Flu vaccine deniers: turn away now or be healed! —or at least exposed to another point of view rooted in evidence-only concepts in medicine and population health. Consider the following: as of this month, COVID-19 has infected 43,000 people and killed 1,000 (approximately 2-3%). Remember SARS? That infected 8,000 and killed 700 (approximately 10%). MERS? 2,500 infected, 860 deaths (approximately 34%). And what about Ebola? 29,000 infectious cases with 11,000 deaths (approximately 40%). That was sourced from the Osmosis video with data from the WHO. Pretty impressive right? Well, not if you look at this: according to the CDC, the 2019-2020 influenza burden statistics include 36,000,000 infectious cases, with 17,000,000 clinical visits, 440,000 hospitalizations, and 36,000 deaths. One might say “hey, Dr. Kanakis, slow down there you’re spitting out all these numbers and the facts won’t lie. Looks like influenza only killed 0.1% of cases.” And you know what, you’re right. 0.1% is lower than the other viral epidemics. But check this out, because of the sheer number of cases, that means more people died of influenza than COVID-19, SARS, MERS, and Ebola COMBINED and those happened in other years. That‘s just this year’s flu season alone. I’ve talked before about recognizing and detecting the common cold vs. influenza before, check it out if you’d like a refresher!
We have influenza every single year, and it kills so many more people than we realize. If you want to talk about a terrifying, global viral epidemic, we’ve already got one. And it’s closer than you think. So wash your hands, reduce exposures if you’re sick or immunocompromised, get proper rest, eat well, exercise, read my articles every month, but most importantly—and I cannot stress this enough—get your FLU SHOT!
Thank you so much, see you next time!
–Constantine E. Kanakis MD, MSc, MLS (ASCP)CM completed his BS at Loyola University Chicago and his MS at Rush University. He writes about experiences through medical school through the lens of a medical lab scientist with interests in hematopathology, molecular, bioethics, transfusion medicine, and graphic medicine. He is currently a 2020 AP/CP Residency Applicant and actively involved in public health and education, advocating for visibility and advancement of pathology and lab medicine. Follow him on Twitter @CEKanakisMD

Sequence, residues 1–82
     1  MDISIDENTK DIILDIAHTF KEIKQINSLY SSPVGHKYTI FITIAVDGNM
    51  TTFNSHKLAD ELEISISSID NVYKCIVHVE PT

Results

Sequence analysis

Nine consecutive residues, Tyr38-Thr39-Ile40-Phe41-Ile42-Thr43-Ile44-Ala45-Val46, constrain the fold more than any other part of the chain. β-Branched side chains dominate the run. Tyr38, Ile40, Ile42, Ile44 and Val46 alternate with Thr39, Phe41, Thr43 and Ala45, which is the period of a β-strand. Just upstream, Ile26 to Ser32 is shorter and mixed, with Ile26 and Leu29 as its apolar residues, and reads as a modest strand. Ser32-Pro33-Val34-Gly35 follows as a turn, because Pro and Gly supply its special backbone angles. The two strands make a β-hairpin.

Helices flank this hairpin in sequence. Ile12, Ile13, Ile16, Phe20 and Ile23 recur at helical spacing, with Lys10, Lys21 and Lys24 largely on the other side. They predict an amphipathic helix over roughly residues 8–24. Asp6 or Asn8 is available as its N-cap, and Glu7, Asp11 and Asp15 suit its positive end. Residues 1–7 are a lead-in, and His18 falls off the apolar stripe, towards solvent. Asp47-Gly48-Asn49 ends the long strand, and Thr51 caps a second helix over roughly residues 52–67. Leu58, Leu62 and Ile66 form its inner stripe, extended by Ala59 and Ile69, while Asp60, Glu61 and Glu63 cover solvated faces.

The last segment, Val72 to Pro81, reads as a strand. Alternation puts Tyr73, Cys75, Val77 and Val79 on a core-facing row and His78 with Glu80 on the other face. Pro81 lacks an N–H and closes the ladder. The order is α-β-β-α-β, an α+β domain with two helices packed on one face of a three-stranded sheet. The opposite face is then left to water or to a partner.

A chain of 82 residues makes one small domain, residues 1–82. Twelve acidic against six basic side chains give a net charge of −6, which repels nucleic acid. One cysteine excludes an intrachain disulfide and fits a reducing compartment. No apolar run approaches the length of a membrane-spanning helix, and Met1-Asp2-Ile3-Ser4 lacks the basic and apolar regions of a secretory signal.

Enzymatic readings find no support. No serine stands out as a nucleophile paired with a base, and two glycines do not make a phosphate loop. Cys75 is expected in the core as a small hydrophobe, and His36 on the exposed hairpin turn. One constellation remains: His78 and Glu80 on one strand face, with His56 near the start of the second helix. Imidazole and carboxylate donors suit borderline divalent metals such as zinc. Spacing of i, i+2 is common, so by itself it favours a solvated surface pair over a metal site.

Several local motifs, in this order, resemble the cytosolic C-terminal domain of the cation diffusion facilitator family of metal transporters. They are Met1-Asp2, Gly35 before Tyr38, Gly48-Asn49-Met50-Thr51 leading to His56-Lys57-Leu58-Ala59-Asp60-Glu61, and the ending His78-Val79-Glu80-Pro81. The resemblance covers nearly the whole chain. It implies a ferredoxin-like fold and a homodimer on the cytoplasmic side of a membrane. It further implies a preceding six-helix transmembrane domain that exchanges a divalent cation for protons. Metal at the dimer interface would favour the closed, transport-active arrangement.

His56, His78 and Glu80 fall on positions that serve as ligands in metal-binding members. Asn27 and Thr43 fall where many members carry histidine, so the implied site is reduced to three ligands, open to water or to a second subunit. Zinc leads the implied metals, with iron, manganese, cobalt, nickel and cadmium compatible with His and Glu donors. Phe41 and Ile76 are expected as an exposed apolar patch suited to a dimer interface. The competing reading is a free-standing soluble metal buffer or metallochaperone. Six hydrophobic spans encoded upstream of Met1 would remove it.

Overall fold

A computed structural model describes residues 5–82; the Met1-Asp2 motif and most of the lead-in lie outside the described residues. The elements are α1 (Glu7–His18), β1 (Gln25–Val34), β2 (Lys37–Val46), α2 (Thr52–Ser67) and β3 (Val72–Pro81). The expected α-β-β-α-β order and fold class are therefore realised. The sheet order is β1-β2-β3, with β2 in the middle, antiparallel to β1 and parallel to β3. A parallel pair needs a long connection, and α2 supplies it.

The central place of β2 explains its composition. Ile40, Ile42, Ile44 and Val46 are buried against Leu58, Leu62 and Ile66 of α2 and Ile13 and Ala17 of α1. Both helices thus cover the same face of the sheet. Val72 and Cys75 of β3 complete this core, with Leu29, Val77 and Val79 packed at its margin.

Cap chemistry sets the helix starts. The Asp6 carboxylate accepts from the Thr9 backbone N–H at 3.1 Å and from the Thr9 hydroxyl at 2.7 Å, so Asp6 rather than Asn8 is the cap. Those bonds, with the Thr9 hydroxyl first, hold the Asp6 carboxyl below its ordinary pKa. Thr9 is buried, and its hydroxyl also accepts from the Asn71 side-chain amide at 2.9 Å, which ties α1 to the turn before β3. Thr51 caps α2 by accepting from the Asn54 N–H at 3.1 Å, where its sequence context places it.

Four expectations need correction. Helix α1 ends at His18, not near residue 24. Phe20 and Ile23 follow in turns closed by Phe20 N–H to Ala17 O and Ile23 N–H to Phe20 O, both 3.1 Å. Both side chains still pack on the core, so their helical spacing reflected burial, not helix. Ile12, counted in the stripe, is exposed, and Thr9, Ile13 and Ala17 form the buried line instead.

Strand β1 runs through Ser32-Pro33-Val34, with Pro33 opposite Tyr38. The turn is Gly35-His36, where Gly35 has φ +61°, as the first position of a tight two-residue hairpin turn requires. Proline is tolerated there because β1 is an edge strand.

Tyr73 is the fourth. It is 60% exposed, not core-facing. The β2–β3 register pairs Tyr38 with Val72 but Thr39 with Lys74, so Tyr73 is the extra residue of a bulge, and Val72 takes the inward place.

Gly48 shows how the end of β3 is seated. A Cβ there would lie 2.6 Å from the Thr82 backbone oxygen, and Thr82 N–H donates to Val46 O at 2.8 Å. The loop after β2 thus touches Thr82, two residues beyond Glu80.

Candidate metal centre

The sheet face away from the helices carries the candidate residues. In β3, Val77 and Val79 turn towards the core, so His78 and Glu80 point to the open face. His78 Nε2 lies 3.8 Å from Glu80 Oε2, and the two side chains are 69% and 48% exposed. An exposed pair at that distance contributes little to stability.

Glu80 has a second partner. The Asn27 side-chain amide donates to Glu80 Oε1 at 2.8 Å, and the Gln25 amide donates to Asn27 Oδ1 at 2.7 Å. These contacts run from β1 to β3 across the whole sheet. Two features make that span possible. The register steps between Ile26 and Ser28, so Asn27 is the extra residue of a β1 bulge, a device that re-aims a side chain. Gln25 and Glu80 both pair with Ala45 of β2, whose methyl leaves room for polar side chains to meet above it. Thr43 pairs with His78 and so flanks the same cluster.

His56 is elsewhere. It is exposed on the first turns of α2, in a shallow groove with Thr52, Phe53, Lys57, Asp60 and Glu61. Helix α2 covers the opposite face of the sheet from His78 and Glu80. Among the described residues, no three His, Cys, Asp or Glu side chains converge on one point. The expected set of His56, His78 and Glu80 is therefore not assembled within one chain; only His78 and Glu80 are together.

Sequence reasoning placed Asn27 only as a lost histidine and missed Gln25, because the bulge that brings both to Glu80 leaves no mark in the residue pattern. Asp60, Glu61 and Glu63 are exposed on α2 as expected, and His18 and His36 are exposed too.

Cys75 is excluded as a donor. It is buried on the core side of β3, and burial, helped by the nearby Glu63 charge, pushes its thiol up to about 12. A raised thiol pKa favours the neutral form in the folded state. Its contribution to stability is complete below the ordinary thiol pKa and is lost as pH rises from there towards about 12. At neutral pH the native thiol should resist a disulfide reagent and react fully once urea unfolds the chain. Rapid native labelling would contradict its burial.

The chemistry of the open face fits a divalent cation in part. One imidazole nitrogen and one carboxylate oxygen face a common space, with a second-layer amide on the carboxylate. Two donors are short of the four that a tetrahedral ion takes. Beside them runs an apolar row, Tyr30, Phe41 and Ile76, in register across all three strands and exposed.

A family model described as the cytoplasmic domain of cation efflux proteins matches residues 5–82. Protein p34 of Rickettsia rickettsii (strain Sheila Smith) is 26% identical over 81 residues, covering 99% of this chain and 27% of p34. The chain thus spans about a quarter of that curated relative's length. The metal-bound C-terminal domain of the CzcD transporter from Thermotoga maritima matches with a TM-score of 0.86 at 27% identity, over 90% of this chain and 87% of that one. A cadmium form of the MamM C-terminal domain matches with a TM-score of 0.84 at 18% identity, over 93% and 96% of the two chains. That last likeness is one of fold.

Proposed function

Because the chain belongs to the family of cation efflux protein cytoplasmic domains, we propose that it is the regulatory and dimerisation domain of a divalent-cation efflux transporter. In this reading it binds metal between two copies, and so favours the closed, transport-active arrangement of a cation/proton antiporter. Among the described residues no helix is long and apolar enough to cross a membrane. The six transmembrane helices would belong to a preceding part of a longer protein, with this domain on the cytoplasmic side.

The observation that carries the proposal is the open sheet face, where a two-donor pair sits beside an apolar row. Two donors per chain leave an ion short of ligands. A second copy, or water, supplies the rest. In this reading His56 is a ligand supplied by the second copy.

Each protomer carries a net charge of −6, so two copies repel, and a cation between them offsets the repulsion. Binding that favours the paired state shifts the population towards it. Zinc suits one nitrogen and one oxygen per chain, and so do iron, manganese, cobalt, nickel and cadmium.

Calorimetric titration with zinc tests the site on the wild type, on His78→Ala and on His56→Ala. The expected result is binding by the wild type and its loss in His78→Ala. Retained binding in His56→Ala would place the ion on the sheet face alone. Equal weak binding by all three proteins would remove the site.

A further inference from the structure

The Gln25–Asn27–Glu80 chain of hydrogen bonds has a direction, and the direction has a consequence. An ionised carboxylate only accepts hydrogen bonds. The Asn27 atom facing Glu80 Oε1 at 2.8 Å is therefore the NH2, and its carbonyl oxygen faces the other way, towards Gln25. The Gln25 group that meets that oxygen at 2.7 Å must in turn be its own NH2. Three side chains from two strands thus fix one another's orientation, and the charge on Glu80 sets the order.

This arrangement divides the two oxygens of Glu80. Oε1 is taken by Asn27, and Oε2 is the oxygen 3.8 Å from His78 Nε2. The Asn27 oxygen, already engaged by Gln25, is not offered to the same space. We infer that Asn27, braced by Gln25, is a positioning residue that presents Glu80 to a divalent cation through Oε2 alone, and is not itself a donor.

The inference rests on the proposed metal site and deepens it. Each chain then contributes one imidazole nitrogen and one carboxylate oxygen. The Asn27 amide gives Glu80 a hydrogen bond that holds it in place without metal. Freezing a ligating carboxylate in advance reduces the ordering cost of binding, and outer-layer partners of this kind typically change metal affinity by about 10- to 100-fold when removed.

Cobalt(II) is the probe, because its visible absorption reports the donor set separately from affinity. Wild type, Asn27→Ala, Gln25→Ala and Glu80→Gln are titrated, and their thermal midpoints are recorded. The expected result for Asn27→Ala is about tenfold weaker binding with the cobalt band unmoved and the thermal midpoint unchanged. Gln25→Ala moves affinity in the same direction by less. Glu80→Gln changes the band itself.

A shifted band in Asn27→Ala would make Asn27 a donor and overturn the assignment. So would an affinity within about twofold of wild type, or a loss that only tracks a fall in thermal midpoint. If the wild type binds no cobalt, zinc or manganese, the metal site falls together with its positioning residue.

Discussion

On February 4th, the FDA announced an Emergency Use Authorization for the CDC’s 2019 Novel Coronavirus real-time RT-PCR Diagnostic Panel. Here’s the press release:
Audience: Clinical Laboratory Professionals
Subject: Laboratory Update: Information about Emergency Use Authorization for 2019 Novel Coronavirus (2019-nCoV) Real-Time RT-PCR Diagnostic Panel
Level: Laboratory Update
This message is to ensure that clinical laboratories are aware that CDC has developed a new laboratory test kit called the CDC’s 2019 Novel Coronavirus (2019-nCoV) Real-Time RT-PCR Diagnostic Panel, for use in testing patient respiratory specimens for 2019-nCoV. On February 4, 2020, the Food and Drug Administration (FDA) issued an Emergency Use Authorization (EUA) to enable emergency use of the test kit in the United States. All EUA documents are available on the FDA website.
The test kit will be available for ordering today from the International Reagent Resource (IRR). Formerly, U.S. diagnostic testing for 2019-nCoV was only being conducted at CDC; however, the FDA EUA and distribution of the tests will allow 2019-nCoV testing to take place at laboratories designated by CDC. This includes U.S. state and local public health laboratories and Department of Defense (DoD) laboratories.
Clinical laboratories should NOT attempt viral isolation from specimens collected from 2019-nCoV persons under investigation (PUIs). For interim guidelines for collecting, handling, and testing clinical specimens from PUIs for 2019-nCoV, please see the CDC 2019 Novel Coronavirus website.
The FDA website lists current EUA assays, and also includes a link to terminated EUA assays. Each pathogen-specific EUA includes the device-specific Letter of Authorization, fact sheets, and manufacturer instructions/package inserts. These documents are updated when amendments are made (e.g., additional specimen types, extraction methods, procedural clarifications), so check the website routinely to ensure your laboratory staff members have the most up-to-date information.